Thinking about booking a cruise? The crew may be unprepared.
Talk to cruise-line workers, and you won’t hear much surprise about the chaos during the Costa Concordia disaster. “Those of us who’ve had close calls before knew it was a question of ‘when,’ not ‘if,’” says Shari Cecil, a former merchant marine with Norwegian Cruise Line America. Cecil describes safety drills where crew members had no clue about their responsibilities—some were so nonchalant that they didn’t want to take off their high heels when boarding inflatable safety rafts—and the crew would be handed safety-reminder “cheat sheets” ahead of U.S. Coast Guard inspections. “I passed them out myself,” she says. “We’d even shut down the bar for crew so no one would be hung over.” (A Norwegian Cruise spokeswoman would not comment on specific claims but says “the safety of our guests and crew is, at all times, our No. 1 priority.”)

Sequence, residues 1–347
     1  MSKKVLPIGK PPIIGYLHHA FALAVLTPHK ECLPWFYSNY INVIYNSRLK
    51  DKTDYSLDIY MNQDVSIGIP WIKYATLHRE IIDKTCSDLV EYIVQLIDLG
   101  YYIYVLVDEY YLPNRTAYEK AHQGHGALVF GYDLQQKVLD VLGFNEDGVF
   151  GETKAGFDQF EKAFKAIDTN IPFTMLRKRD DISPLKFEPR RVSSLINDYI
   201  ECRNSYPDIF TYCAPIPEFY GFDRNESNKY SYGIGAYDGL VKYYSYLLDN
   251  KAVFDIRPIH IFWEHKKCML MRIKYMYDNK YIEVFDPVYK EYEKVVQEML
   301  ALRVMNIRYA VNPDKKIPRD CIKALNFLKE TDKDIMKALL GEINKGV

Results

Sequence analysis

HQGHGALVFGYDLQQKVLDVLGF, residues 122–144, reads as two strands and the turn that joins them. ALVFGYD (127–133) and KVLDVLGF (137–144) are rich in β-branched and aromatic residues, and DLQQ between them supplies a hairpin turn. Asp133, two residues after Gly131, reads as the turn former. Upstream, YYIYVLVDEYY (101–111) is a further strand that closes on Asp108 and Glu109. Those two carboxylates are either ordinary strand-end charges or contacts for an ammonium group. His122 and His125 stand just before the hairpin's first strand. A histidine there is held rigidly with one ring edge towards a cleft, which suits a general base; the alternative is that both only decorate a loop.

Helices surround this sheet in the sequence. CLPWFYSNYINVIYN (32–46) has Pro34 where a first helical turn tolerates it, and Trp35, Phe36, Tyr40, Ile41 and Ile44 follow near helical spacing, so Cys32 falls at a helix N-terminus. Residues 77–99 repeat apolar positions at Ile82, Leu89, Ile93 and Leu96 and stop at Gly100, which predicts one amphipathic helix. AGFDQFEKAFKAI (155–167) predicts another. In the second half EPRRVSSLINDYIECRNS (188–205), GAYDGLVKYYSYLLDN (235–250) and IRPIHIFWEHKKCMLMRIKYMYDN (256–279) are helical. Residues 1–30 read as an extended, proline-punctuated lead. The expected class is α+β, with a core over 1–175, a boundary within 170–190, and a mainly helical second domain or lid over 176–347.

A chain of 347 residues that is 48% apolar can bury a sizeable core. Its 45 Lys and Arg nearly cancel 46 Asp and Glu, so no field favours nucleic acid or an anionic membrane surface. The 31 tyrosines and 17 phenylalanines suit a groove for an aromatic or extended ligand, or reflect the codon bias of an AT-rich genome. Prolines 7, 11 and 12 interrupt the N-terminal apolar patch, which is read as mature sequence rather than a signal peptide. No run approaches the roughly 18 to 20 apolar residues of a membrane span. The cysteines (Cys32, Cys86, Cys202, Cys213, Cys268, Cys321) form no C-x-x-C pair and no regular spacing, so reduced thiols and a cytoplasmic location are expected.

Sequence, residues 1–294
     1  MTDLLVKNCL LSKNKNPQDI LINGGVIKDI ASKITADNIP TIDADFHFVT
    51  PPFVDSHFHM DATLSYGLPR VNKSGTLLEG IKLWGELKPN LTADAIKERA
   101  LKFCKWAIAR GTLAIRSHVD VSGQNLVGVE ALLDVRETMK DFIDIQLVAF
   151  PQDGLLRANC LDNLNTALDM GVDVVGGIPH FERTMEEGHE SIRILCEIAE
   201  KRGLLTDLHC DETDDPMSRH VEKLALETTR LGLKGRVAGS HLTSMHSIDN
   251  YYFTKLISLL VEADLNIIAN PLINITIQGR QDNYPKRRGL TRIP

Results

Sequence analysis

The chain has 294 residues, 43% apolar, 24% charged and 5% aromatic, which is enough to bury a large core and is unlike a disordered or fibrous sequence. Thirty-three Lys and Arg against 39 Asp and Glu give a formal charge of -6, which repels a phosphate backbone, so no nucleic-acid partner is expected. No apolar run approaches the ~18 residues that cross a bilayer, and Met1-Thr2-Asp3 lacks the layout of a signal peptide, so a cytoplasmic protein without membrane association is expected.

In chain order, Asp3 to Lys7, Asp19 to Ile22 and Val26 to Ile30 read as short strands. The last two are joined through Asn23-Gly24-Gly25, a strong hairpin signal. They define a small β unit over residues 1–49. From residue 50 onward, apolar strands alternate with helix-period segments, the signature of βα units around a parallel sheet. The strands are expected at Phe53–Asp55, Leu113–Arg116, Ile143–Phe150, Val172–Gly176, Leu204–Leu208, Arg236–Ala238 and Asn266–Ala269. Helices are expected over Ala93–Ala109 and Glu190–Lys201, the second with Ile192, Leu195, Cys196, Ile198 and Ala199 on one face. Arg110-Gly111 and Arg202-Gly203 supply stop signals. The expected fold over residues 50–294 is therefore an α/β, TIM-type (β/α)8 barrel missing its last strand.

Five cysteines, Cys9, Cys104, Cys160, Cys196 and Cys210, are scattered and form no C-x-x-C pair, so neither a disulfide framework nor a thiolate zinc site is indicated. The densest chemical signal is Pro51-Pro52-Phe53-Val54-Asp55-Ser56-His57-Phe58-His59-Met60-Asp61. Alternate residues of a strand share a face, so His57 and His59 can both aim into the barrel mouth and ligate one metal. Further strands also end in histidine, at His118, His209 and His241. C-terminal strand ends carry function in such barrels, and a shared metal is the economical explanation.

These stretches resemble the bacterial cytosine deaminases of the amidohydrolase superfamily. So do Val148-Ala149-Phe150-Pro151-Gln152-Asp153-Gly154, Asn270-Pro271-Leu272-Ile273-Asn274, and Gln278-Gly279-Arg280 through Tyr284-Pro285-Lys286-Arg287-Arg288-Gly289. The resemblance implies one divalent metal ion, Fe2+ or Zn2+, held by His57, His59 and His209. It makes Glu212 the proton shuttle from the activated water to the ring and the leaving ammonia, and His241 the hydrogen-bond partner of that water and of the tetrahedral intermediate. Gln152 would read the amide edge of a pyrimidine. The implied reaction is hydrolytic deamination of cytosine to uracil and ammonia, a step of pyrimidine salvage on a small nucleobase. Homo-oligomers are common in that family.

Former crew of numerous other lines say workers were often too exhausted to pay attention during safety-training sessions, and many didn’t speak enough English to even understand what was being said. Reshma Harilal says that during her eight years as a stateroom attendant with Carnival Cruise Lines, parent company of the ill-fated Concordia, boat-safety drills varied in regularity, and she never once had a native English speaker conduct training. “We all got safety training, but even I had difficulty understanding the English of the officers who trained us, who were always Italian with strong accents.” Carnival referred questions to the Cruise Lines International Association, which responded that “training must be conducted in a language that will be understood by the particular crew members.”
Though most big cruise lines like Carnival have headquarters and home ports in the U.S. and cater to American travelers, they are actually “flagged” in countries like the Bahamas or Panama, staffed mostly by foreigners, and incorporated overseas—thus allowing the companies to pay minimal U.S. taxes and circumvent many domestic labor and safety regulations. “There is a real absence of regulatory oversight or authority over the cruise industry,” says Jim Hall, who was chairman of the National Transportation Safety Board during the Clinton administration.